The IMF has given the Republic of Seychelles economy a clean bill of health on the back of rising tourism revenues and falling government debt, as the international body concluded its regular check-up of the island nation.
The fund revised its GDP growth forecasts for this year up to 3.5 per cent, from its previous projection of 3 per cent, as the island’s economy is lifted by growth in visitor numbers and the effect of lower fuel prices.
The IMF reiterated its support for the Seychelles target of reducing its debt-to-GDP ratio to below 50 per cent by 2018. Its debt is expected to stand at 63.7 per cent of GDP at the end of this year.
The nation is set to run current account deficits for the foreseeable future, but a slight fall in the value of the Seychelles rupee has meant that the current account deficit should fall from 20.5 per cent to 13.6 per cent by 2018. “Macroeconomic outcomes remain solid,” the IMF report said.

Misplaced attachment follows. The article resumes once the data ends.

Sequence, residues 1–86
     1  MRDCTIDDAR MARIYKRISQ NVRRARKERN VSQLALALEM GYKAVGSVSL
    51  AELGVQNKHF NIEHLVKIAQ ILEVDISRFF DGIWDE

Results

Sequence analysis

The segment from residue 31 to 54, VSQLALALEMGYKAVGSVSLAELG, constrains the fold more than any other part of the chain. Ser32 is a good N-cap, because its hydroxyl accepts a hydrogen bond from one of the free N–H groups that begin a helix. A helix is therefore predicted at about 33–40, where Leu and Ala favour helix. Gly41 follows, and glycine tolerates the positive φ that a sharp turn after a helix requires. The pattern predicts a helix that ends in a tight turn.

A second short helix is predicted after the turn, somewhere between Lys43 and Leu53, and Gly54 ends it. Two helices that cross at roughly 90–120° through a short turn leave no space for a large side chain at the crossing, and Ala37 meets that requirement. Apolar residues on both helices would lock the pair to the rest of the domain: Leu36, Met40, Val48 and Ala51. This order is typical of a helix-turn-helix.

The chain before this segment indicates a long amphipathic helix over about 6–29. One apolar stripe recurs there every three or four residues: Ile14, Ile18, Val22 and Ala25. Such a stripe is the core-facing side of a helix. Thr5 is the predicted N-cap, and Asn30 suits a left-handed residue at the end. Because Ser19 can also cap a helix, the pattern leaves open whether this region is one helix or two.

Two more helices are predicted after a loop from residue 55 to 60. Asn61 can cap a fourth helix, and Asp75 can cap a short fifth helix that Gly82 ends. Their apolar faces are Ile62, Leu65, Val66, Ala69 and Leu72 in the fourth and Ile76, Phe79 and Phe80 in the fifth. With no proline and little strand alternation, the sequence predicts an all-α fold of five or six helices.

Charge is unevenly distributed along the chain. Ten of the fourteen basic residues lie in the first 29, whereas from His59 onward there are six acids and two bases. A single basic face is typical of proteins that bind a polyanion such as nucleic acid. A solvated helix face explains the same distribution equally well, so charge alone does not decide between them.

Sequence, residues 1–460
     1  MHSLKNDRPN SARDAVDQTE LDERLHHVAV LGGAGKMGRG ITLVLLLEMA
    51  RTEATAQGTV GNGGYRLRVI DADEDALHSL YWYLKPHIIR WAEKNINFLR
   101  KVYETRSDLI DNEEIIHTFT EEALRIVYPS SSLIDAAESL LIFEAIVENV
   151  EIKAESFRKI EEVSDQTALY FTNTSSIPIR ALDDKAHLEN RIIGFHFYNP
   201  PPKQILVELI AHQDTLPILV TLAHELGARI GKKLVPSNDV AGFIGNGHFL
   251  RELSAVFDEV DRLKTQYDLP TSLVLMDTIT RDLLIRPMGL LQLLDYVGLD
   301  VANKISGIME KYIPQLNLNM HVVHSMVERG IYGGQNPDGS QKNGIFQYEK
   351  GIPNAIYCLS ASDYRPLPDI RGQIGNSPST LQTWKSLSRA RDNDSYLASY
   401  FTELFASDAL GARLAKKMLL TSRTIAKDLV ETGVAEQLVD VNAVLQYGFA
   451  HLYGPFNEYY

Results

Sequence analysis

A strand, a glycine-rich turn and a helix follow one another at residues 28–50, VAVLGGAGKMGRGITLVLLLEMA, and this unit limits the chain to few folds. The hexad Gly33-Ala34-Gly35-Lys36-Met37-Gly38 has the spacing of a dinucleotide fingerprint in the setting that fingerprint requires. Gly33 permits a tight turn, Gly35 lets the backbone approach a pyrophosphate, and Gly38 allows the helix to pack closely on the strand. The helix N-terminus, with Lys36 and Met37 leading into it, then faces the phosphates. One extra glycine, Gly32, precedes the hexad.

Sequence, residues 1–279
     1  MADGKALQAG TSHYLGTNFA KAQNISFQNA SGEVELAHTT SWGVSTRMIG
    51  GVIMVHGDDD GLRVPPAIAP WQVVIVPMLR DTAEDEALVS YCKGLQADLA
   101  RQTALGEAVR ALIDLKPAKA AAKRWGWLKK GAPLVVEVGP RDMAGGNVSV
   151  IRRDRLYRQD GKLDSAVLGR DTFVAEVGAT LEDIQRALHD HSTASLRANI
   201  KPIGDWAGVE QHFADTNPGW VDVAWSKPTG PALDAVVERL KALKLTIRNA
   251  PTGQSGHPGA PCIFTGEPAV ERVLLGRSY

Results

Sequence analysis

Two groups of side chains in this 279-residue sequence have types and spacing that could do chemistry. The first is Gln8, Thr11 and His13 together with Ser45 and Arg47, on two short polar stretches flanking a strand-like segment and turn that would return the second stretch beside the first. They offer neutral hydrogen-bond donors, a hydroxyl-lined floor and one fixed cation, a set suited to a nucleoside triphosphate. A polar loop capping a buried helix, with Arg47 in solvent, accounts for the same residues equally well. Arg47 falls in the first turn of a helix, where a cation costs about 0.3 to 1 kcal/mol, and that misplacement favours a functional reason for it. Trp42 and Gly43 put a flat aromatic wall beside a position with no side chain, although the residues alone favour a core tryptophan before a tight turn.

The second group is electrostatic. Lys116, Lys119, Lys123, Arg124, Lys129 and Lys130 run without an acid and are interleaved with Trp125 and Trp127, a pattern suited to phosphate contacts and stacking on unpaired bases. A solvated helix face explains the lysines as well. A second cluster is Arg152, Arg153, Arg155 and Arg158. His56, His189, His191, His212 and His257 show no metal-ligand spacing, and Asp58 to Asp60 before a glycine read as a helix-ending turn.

Abu Dhabi has long been a major investor in the Seychelles. Last week, Abu Dhabi Airports Company said that it was in talks with the country’s government to build a new airport on Mahé island, the largest of an archipelago of 135 islands that make up the Seychelles. In 2013, Masdar and the Abu Dhabi Fund for Development built an eight-turbine wind farm at the Port of Victoria, also on Mahé.
James Michel, the island’s president, credited the Etihad chief executive James Hogan with having “saved the country”, after Etihad bought a 40 per cent stake in Air Seychelles worth $45 million in 2012.
The airline reported a $3.2m profit last year, after a profitable year in 2013. It ran losses for the two years preceding Etihad’s stake purchase.
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